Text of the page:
Want to escape from the mundane reality of your locked down lives? Or perhaps you’re already planning your winter vacation. From vine-covered hillsides to crystalline waters, it’s a big world out there. So take a tip from us as we have narrowed down two lesser-visited spots – best enjoyed out of season – in the world that will get you packing.
Saint Petersburg – Russia
Achingly beautiful Saint Petersburg is definitely a city of great culture and war, where there is the thrill of the new, but is rooted in the past. Commissioned by Tsar Peter the Great as “a window looking into Europe,” in the last 350 years, St. Petersburg has seen more revolution, great conflict and political intrigue than other cities witness in a millennium.
Built on a swamp as Russia’s cultural capital -- St. Petersburg also known as the Gulf of Finland -- with its architectural whimsies, baroque palaces and remarkable grandeur, has been a centre of culture and sophistication. The second-largest city in Russia and arguably breathtaking is home to some of Russia’s greatest national treasures, from the magnificent Peter and Paul Cathedral; to the grandiose Palace Square, Mikhailovsky Palace to famed Mariinsky Theatre. Among the most beautiful places of interest are Church Of The Saviour On Spilled Blood, Ploshchad Dekabristov and Alexander Garden.
Be sure to add the artsy State Hermitage, St Isaac’s Cathedral and if you get bored of art and architecture, then Nevsky Prospekt, to your itinerary. To sample traditional Russian cuisine, visit Fasol, Tsar and Cafe Botanika where elegant, traditional cuisine is on offer with a modern twist. St. Petersburg also plays host to the White Nights festival in May. It’s an eight-week orgy of culture when the sun barely sets and includes gypsy fairs, street music festivals to theatre, jazz concerts, ballets and operas, making this one terrific way to experience the city’s madness.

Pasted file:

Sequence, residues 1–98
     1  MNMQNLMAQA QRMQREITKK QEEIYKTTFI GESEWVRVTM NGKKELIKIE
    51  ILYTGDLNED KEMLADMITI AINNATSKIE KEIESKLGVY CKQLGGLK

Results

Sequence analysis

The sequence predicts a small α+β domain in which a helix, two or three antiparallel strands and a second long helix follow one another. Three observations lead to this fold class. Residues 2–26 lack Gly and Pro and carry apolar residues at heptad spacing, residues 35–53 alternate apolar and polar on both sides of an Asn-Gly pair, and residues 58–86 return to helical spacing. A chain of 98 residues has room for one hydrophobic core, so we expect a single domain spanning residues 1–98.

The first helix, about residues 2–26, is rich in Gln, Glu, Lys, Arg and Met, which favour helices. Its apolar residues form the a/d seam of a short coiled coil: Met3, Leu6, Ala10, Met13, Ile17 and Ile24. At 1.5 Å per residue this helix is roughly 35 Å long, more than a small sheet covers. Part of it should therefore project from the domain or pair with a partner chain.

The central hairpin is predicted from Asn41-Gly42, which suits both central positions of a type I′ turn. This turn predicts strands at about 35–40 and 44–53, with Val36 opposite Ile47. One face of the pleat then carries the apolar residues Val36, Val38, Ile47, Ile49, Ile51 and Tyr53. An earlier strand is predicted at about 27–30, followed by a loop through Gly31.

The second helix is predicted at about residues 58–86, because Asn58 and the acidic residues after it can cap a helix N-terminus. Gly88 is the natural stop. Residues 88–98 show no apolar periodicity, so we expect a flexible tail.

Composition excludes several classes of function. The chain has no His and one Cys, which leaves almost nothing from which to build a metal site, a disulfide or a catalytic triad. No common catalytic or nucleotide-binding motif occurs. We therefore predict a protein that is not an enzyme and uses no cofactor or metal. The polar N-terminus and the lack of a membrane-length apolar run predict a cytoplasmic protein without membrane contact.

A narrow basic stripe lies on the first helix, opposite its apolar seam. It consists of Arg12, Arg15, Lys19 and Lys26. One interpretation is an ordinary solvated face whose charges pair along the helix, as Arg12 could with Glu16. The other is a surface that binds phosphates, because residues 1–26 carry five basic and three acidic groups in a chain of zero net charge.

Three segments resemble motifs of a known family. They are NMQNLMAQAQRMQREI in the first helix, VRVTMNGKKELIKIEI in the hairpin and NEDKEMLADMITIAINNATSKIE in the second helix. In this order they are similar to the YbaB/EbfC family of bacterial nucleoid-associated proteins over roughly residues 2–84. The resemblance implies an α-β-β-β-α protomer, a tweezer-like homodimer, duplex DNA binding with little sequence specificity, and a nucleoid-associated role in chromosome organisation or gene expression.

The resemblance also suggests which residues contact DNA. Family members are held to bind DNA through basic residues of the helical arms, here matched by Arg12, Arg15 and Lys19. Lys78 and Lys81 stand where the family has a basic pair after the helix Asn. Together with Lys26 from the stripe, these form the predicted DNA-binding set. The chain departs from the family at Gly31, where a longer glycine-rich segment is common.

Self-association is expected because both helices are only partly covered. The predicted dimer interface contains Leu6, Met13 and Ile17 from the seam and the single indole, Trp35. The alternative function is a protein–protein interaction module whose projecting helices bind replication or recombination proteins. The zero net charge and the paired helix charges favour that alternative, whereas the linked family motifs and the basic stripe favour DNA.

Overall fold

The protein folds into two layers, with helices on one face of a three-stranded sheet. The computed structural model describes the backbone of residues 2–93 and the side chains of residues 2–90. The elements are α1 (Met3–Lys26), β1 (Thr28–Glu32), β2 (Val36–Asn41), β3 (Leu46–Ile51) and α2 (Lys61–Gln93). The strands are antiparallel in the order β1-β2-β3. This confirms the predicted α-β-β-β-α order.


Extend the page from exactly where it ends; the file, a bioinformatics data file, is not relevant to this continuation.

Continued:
Rotorua – New Zealand
For Instagram-worthy landscape, friendly locals and secluded bays, hop over to this small city in the Bay of Plenty Region of the North Island of New Zealand. It won’t be wrong to say that since the 1800s, travellers have come to this most active geothermal area in New Zealand to marvel at the marine volcano, mineral-rich mud baths, hot pools, natural hot springs, and geysers erupting almost 100 feet into the air. Dubbed as the “Sulphur City” – Rotorua has apparently a distinct smell of rotten eggs, which is mainly caused by the hydrogen sulphide that puffs out through vents in the earth crust.
The area’s geothermic activity also means that there are plenty of other interesting things to do: take a walk through Kuirau Park for hiking and downhill skiing; or Hell’s Gate, a sacred Maori sitewith 50 acres of bubbling mud pools, small geysers, hot springs, and the Southern Hemisphere’s largest hot-water waterfall. Then visit the on-site Wai Ora Spa Resort, which incorporates the healing ttraditions and techniques of the Maori. Although Rotorua is a mecca for backpackers and bungee jumpers, it equally appeals to the rich and retired by offering several other possibilities texperience the Maori culture – typically, an authentic dance performance followed by a traditional hangi meal, where the food has been steamed for hours in an earth oven.
To discover Rotorua’s rich culture, volatile landscape and dramatic history head over to the Rotorua Museum of Art and History. Perhaps beach lovers can bask on the sand at Mount Maunganui beach while adventurous types can tackle the Tongariro Crossing, an eight-hour trek across a desolate moonscape. So go now, quick-smart, before this hidden treasure hits the mainstream. - Anisha